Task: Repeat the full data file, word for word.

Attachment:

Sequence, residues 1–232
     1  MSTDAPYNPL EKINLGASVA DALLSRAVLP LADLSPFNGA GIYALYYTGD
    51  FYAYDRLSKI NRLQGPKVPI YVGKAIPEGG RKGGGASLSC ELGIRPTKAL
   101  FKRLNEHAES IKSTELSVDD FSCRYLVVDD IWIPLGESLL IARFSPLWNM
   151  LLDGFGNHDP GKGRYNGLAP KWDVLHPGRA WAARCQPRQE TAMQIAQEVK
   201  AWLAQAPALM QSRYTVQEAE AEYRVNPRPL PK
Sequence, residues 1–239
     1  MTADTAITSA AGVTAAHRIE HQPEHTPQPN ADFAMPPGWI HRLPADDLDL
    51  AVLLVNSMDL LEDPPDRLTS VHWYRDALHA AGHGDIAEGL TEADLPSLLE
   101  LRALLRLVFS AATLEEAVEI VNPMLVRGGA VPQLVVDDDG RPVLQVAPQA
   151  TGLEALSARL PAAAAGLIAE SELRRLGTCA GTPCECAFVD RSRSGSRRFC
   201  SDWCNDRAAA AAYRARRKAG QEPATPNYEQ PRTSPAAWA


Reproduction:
Sequence, residues 1–232
     1  MSTDAPYNPL EKINLGASVA DALLSRAVLP LADLSPFNGA GIYALYYTGD
    51  FYAYDRLSKI NRLQGPKVPI YVGKAIPEGG RKGGGASLSC ELGIRPTKAL
   101  FKRLNEHAES IKSTELSVDD FSCRYLVVDD IWIPLGESLL IARFSPLWNM
   151  LLDGFGNHDP GKGRYNGLAP KWDVLHPGRA WAARCQPRQE TAMQIAQEVK
   201  AWLAQAPALM QSRYTVQEAE AEYRVNPRPL PK
Sequence, residues 1–239
     1  MTADTAITSA AGVTAAHRIE HQPEHTPQPN ADFAMPPGWI HRLPADDLDL
    51  AVLLVNSMDL LEDPPDRLTS VHWYRDALHA AGHGDIAEGL TEADLPSLLE
   101  LRALLRLVFS AATLEEAVEI VNPMLVRGGA VPQLVVDDDG RPVLQVAPQA
   151  TGLEALSARL PAAAAGLIAE SELRRLGTCA GTPCECAFVD RSRSGSRRFC
   201  SDWCNDRAAA AAYRARRKAG QEPATPNYEQ PRTSPAAWA